Less than an hour after the courts denied his final appeal, Abel Revill Ochoa, a Texas man who killed five people became the state’s second prisoner in 2020 executed, reported the Houston Chronicle.
With his last words, Ochoa thanked Jesus for his salvation and apologized to his victims’ families.
“I would like to thank God, my dad, my Lord Jesus savior for saving me and changing my life,” he said, strapped to the Huntsville gurney. “I want to apologize to my in-laws for causing all this emotional pain. I love y’all and consider y’all my sister I never had. I want to thank you for forgiving me.”
He died at 6:48 p.m., 18 years after the crime that landed him on death row.
When police initially arrested him years earlier, Ochoa said he couldn’t handle the stress and had simply gotten tired of his life. So he’d killed his family.
The then-30-year-old Dallas man cooperated with police from the start, and confessed to the five murders, ultimately blaming his violent outburst on the drugs he’d smoked less than half an hour earlier.
“My body started wanting more crack,” he told police, according to news reports at the time. “I knew if I asked my wife for more money, she wouldn’t let me have it. I knew she’d argue with me about the money, just like we had in the past.”
A jury found him guilty in just 10 minutes, and in 2003 sentenced him to death. Many of his later appeals centered on claims he didn’t have good enough legal representation earlier in the case, but in the final days before his Thursday execution he raised claims about parole board procedures and the prison’s reluctance to let him film a clemency plea.
Born in Mexico, Ochoa was raised by a father who beat him with sticks and branches but, he later told the court, “not a lot.”
In the early 1990s, Ochoa married his wife Cecilia and settled in a home in South Dallas, according to Associated Press reports. It was a volatile relationship, with occasional separations. Then sometime around 2000 Ochoa became addicted to drugs, financing a crack habit with an illegal loan scheme, according to court records.
One Sunday in August two years later, Ochoa went to church with his family. On the way home, he asked his wife for money to buy drugs. She gave in, and he bought a $10 rock of crack, according to court records. He went out back to smoke it, then walked into the bedroom — and came back out with a 9mm handgun. He walked into the living room, where he systematically shot his wife, their 9-month-old daughter Anahi, his father-in-law Bartolo and his sisters-in-law Alma and Jackie. He then walked into the kitchen and shot his 7-year-old daughter Crystal four times.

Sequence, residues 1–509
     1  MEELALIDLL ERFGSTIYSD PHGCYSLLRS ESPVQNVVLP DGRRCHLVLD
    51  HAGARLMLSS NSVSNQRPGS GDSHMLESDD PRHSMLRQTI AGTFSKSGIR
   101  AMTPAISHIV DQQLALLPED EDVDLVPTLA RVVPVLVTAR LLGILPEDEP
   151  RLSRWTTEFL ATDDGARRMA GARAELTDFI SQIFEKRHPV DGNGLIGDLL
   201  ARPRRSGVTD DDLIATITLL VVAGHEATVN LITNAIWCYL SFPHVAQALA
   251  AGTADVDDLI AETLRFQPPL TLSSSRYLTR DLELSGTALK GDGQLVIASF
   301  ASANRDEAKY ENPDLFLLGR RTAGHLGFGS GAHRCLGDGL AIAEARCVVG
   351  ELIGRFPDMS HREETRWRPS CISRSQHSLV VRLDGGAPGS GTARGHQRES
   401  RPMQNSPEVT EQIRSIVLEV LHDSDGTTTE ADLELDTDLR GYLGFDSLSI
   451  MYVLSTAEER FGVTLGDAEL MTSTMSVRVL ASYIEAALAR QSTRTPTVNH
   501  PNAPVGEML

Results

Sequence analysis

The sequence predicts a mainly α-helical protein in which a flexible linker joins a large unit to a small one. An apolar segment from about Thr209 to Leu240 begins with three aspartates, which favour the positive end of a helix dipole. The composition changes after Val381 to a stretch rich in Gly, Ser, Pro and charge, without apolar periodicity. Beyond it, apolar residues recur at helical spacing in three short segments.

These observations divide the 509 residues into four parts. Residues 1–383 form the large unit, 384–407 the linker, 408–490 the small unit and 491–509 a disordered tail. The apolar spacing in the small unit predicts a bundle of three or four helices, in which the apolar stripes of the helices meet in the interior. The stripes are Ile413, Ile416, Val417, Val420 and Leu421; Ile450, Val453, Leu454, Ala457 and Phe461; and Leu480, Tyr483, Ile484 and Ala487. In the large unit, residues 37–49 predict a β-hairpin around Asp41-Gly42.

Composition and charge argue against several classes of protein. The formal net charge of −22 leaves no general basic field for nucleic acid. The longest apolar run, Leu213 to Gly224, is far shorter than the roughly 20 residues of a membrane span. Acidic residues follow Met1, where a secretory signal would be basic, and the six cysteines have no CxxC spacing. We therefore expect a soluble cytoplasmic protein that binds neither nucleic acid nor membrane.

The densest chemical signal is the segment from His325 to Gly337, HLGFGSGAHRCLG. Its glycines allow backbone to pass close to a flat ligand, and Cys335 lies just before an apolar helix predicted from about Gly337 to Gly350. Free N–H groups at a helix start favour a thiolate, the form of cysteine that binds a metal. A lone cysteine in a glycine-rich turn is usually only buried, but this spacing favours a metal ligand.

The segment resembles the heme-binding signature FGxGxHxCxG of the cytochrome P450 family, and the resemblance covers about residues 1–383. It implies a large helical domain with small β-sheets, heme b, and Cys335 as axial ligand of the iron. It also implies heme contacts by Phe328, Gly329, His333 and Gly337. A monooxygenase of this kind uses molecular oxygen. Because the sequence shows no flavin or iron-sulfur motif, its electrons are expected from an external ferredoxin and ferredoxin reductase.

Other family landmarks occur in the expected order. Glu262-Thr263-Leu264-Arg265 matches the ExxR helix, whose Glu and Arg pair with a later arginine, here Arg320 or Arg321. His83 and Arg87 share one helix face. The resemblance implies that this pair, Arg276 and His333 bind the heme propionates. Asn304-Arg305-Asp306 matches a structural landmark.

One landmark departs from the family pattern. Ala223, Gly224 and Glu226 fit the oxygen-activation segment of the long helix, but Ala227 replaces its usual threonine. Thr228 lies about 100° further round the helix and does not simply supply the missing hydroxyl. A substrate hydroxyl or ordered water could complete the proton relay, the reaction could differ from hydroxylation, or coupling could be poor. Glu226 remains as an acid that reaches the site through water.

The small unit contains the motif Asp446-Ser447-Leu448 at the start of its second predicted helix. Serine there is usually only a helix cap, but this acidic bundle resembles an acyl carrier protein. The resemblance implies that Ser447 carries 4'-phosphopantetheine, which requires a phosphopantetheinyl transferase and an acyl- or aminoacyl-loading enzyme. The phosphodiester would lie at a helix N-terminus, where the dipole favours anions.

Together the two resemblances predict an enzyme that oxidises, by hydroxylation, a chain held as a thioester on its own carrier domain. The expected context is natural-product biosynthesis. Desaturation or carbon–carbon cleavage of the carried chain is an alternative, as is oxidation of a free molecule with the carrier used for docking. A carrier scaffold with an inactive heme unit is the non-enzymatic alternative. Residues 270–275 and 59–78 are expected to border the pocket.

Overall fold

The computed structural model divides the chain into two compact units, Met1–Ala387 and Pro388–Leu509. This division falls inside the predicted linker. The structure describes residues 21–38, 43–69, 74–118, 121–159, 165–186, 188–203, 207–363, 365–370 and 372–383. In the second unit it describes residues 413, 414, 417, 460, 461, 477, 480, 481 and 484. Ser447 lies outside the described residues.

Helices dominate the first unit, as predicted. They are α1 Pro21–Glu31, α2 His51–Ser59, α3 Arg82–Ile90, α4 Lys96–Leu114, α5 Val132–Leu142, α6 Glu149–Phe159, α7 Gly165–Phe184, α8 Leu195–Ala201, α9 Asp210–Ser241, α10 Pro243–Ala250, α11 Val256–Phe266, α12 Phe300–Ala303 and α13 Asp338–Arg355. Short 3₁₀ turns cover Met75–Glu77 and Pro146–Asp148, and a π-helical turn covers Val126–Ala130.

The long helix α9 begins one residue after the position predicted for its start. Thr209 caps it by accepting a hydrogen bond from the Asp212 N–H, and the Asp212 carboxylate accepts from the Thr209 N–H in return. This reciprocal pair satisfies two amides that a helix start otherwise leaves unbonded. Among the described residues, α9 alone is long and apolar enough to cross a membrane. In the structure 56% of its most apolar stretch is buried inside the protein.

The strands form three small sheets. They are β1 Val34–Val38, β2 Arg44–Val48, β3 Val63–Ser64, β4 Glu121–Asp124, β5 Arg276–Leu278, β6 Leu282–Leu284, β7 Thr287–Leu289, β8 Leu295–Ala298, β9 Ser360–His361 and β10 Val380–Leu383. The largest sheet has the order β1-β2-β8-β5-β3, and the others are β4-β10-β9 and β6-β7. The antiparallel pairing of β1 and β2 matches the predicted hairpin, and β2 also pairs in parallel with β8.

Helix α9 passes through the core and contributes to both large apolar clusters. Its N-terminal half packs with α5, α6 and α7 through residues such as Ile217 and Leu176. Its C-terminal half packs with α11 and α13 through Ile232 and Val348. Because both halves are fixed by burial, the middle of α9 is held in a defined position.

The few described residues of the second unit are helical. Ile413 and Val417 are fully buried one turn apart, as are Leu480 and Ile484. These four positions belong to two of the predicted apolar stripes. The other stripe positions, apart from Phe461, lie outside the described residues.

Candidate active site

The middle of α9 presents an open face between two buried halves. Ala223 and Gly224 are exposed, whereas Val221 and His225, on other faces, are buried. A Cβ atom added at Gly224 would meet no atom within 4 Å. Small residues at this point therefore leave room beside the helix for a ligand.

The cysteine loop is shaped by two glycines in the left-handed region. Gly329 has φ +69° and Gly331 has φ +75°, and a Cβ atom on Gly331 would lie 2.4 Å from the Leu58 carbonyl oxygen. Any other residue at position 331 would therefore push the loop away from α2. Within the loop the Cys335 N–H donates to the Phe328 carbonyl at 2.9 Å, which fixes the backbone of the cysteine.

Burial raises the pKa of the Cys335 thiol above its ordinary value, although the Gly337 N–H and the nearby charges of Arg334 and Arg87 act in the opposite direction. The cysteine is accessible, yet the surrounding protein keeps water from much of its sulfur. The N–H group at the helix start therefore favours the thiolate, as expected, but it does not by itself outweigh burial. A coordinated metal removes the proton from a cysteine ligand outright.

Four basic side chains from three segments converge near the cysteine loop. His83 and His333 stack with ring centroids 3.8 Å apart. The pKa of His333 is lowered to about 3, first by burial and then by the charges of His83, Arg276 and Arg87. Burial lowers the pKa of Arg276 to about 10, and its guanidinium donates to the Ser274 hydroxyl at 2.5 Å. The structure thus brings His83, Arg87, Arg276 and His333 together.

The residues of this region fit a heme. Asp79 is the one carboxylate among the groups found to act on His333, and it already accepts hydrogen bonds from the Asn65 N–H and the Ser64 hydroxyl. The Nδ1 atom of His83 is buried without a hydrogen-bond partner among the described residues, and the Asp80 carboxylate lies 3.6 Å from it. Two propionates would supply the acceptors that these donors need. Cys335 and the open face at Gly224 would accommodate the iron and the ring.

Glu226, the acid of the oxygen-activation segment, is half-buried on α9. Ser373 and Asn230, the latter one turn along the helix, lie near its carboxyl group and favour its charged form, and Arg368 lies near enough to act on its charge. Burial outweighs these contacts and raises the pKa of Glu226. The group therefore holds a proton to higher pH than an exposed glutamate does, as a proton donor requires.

Only Alma survived.
Afterward, Ochoa got in his wife’s Toyota 4Runner and drove away. When police stopped and arrested him minutes later at a nearby shopping center, he told the officer where he’d left the gun and gave a detailed written confession.
“He said he remembers it like a dream,” his brother Gilbert told a Dallas-Fort Worth TV station the next day. “He was doing that drug outside and then he went into the living room.”
When the case went to trial, his lawyers argued that he’d committed the slayings in a cocaine-induced delirium, and that he had poor impulse control due to frontal lobe damage from drug use.
Prosecutors argued that he’d simply acted out of anger.
After he was convicted and sent to death row, Ochoa filed appeals accusing his trial team of shoddy work. The defense investigator responsible for learning about Ochoa’s life and uncovering reasons to spare him didn’t speak the same language as many of the witnesses she was supposed to interview, he argued to a federal court. The judge had only approved her appointment at the last minute, and the trial attorneys didn’t ask for more time until it was too late.
But a federal district court decided that it wasn’t clear more investigating would “substantially improve” Ochoa’s chances of success, and a federal appeals court said Ochoa’s attorneys were “simply seeking to ‘turn over every stone’” when they asked for the time and money to get another investigator.
“No stones, in fact, have been turned over, because of the lack of funds,” Ochoa’s lawyers wrote. “Far from quality representation, Mr. Ochoa has only had counsel deprived of any means to effectuate his representation.”
The U.S. Supreme Court turned down Ochoa’s case in October 2019, but on Wednesday his attorneys tried again in the high court. This time, his legal team wrote that he wanted to send the parole board a video plea for clemency - but the prison system at first wouldn’t let his lawyers film him without a court order. Reporters are often allowed to film interviews, and Ochoa’s lawyers took issue with the prison’s initial reluctance to allow them the same access.
After Ochoa’s death, seven more Texas executions already are on the calendar for 2020.
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